U.K. Prime Minister David Cameron said Oman agreed to buy 12 Eurofighter Typhoon fighters and eight Hawk 128 advanced trainers, both made by BAE Systems Plc.
The contract is part of a drive to secure sales of more than 100 jets to the Gulf region that could total 6 billion pounds ($9.8 billion) to British firms over coming years as Cameron puts trade at the heart of foreign policy. The deal, signed in Oman today, is valued at 2.5 billion pounds, BAE said in a statement.
“Boosting exports is vital to economic growth and that’s why I’m doing all I can to promote British business in the fastest-growing markets, so they can thrive in the global race,” Cameron told reporters yesterday before traveling to Oman from Afghanistan, where he was visiting troops. Britain’s defense industry supports 300,000 jobs locally, he said.
The deal comes as BAE considers which one of its three U.K. shipyards to close in the face of declining orders. Cameron is trying to limit the political fallout of job losses by helping seal export deals for other parts of the London-based company. He visited the United Arab Emirates and Saudi Arabia last month to promote Typhoon jets.
The Typhoon is built by Eurofighter GmbH, made up of BAE, Finmeccanica SpA and European Aeronautic, Defence & Space Co. The deal announced today also supports Rolls-Royce Holdings Plc, the U.K. partner in the Eurojet consortium building the fighter’s engines and for the trainer aircraft. Deliveries of jets to Oman will start in 2017, BAE said.
Middle East sales are critical to BAE as defense spending slumps in its two largest markets, the U.S. and Britain. BAE, which is working to win a follow-on Typhoon contract in Saudi Arabia, says earnings could be hurt because of delays in concluding price negotiations with the kingdom over a contract for the combat jet first signed in 2007.
“The Typhoon fighter jet performed outstandingly in Libya, and so it’s no surprise that Oman want to add this aircraft to their fleet,” Cameron said. “It’s testament to Britain’s leading aerospace industry and the deal will safeguard thousands of British jobs across the U.K., not just at the BAE Systems factories in Lancashire and East Riding in Yorkshire, but at many more small businesses up and down the country that play a vital role in delivering these aircraft.”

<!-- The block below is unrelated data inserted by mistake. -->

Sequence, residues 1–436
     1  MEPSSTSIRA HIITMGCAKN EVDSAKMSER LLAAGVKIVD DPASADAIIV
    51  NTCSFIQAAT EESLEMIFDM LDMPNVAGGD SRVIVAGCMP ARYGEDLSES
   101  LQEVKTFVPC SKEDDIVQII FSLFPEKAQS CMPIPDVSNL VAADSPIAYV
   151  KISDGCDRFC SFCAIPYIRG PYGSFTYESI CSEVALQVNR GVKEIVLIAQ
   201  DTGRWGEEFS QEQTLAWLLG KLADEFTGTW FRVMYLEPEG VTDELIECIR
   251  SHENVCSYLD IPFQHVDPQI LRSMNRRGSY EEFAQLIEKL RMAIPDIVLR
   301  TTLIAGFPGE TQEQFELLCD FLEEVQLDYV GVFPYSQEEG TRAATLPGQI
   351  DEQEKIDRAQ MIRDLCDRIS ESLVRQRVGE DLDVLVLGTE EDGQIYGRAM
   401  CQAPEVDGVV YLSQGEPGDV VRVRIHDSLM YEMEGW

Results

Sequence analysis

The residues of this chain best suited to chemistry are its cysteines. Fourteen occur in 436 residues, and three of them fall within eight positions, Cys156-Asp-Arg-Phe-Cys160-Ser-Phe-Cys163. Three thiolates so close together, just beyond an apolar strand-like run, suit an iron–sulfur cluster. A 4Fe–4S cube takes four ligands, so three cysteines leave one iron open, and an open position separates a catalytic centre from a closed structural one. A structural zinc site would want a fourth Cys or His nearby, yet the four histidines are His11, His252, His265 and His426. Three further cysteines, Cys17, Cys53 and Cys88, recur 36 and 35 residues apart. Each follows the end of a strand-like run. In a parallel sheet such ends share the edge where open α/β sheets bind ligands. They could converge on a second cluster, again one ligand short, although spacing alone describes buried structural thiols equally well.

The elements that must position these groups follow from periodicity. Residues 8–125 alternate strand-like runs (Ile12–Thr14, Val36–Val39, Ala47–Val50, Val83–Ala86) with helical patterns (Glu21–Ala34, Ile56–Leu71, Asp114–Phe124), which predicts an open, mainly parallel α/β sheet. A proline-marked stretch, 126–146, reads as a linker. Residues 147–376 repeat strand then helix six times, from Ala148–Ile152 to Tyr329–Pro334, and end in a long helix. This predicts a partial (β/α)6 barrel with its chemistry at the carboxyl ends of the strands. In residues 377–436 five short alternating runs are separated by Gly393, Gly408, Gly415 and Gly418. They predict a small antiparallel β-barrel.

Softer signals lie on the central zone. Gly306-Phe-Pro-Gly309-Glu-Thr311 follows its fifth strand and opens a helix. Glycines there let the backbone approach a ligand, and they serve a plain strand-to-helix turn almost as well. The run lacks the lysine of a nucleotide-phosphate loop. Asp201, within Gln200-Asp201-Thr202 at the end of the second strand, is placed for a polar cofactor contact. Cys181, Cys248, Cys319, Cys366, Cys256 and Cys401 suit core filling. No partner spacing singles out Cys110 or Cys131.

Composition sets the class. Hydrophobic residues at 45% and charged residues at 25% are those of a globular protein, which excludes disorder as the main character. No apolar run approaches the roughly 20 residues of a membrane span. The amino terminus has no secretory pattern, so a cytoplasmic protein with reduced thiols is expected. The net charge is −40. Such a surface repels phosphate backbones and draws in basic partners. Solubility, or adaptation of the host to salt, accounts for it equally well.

In the aftermath of the failed EADS merger, BAE pledged to conclude the Omani contract before 2013. Talks slowed earlier this year because Oman was dissatisfied with progress on a delayed naval-vessel contract and recently centered on resolving differences over support conditions for the fighter.
“This agreement builds on a long history of close cooperation between BAE Systems and the Omani armed forces,” the company said.
The Middle East order comes after setbacks for the Eurofighter consortium in India, Japan and Switzerland where it lost competitions to rivals from France, the U.S. and Sweden. Production of Typhoons could end this decade without further commitments.
Exports are becoming increasingly important for U.S. and European defense companies as efforts to tackle budget deficits erode military spending. Fighter competitions to be decided next year include the battle between Typhoon, the Lockheed Martin Corp. F-35 and Boeing Co. F-15 in South Korea and a pending contest in Malaysia.
BAE said it expects to resume deliveries of Typhoons to Saudi Arabia next year even as discussions over pricing of the combat aircraft continue. The company, which had hoped to conclude those talks this year, said Dec. 19 that discussions over “acceptable pricing” may not be completed in 2012, reducing full-year earnings per share by 3 pence.
Separately, Cameron said the U.K. will spend an extra 230 million pounds on new equipment for armed forces in Afghanistan. The money, which will come from Treasury reserves rather than the defense ministry’s budget, will be spent on tackling roadside bombs, force protection and intelligence and surveillance alongside target acquisition and reconnaissance.
Cameron said this week that the U.K. will bring home 3,800 troops from Afghanistan next year. The partial withdrawal will leave the U.K. force at 5,200 by the end of 2013, paving the way for the removal of combat personnel as planned by the end of